Microsoft Edge has retained its battery life advantage over competing browsers, the software giant claimed this week. Left unsaid, however, is that the gap is closing.
“What happens when three identical devices run different browsers?” the description of a Microsoft video posted to YouTube reads. “The Microsoft Edge team wanted to find out. This experiment showed that battery life on a PC running Microsoft Edge lasts 98% longer than Mozilla Firefox and 14% longer than Google Chrome.”
To be clear, what Microsoft is testing here is the battery life of the two top web browsers, Google Chrome and Mozilla Firefox, compared to Microsoft Edge in the latest Windows 10 version, version 1803. And a 14 percent advantage over Chrome is indeed a win. But only barely, right? Doesn’t that seem smaller than was the case with previous Windows 10 releases?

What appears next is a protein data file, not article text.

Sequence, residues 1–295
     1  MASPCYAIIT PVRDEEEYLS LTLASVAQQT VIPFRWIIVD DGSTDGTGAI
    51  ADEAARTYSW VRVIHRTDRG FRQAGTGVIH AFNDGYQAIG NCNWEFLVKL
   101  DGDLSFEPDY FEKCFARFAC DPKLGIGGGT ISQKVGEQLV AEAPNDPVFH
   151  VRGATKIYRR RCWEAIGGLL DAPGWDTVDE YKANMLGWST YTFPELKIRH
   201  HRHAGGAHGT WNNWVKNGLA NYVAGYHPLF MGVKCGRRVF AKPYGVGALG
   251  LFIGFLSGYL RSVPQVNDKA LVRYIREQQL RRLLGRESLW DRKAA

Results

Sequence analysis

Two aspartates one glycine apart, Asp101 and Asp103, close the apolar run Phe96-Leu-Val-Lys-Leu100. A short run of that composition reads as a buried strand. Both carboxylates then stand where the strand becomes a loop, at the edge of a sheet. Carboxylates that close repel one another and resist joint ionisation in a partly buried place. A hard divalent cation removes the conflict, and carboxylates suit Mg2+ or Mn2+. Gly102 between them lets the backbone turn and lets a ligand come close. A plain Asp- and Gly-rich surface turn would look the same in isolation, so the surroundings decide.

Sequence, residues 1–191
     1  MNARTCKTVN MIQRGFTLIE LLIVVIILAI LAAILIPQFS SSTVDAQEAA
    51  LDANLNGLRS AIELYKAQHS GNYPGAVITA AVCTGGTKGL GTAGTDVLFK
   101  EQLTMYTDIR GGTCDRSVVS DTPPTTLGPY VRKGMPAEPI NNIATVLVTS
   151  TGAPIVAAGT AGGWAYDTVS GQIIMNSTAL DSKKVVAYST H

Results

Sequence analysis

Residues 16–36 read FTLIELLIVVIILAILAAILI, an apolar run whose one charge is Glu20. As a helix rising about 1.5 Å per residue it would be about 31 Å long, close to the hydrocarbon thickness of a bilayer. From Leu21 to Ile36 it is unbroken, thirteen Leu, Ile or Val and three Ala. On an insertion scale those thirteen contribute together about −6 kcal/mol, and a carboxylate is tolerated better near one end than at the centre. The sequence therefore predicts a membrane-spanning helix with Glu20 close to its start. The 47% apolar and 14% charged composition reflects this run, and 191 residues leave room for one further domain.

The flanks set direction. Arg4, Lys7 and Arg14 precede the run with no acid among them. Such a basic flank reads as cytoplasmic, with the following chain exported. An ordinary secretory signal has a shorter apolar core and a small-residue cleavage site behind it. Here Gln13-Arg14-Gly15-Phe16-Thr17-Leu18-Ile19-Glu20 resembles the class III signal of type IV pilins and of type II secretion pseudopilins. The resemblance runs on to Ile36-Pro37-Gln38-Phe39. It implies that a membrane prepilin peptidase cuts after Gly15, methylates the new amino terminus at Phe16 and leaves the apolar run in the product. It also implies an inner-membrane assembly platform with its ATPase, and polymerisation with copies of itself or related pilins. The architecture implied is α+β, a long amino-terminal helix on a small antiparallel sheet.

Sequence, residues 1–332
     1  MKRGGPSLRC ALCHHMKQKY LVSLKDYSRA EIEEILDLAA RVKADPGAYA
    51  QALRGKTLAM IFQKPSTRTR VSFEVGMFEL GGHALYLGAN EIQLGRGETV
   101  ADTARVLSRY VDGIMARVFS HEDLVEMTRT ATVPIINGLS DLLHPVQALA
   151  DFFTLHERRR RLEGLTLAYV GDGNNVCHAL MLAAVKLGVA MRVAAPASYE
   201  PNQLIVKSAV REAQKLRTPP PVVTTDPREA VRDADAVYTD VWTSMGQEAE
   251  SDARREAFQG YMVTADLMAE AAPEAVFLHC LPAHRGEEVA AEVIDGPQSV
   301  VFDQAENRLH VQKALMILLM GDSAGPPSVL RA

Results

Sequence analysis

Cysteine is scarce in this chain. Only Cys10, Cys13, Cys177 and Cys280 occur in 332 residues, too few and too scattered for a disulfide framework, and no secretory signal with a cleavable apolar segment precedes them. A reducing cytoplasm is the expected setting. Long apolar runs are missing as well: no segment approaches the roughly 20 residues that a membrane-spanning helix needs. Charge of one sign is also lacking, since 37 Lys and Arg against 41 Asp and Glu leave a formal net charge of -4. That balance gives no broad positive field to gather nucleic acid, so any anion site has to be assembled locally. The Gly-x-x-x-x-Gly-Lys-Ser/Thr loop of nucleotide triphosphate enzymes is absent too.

I searched Thurrott.com for my stories about Edge’s advantages over Chrome in previous versions to find out. Here are a few key milestones.
In June 2016, Microsoft first touted battery life as a key advantage for Edge. And it claimed an incredible 47 percent battery life advantage over Chrome.
By April 2017, Microsoft was claiming that Edge provided 35 percent better battery life than Chrome when running in the Creators Update, or Windows 10 version 1703.
A year later, the advantage has fallen to just 14 percent. That’s actually quite a change, and I suspect that Microsoft shaming Google over the past few years might have played a role, with Google working to make improvements to the browser market leader.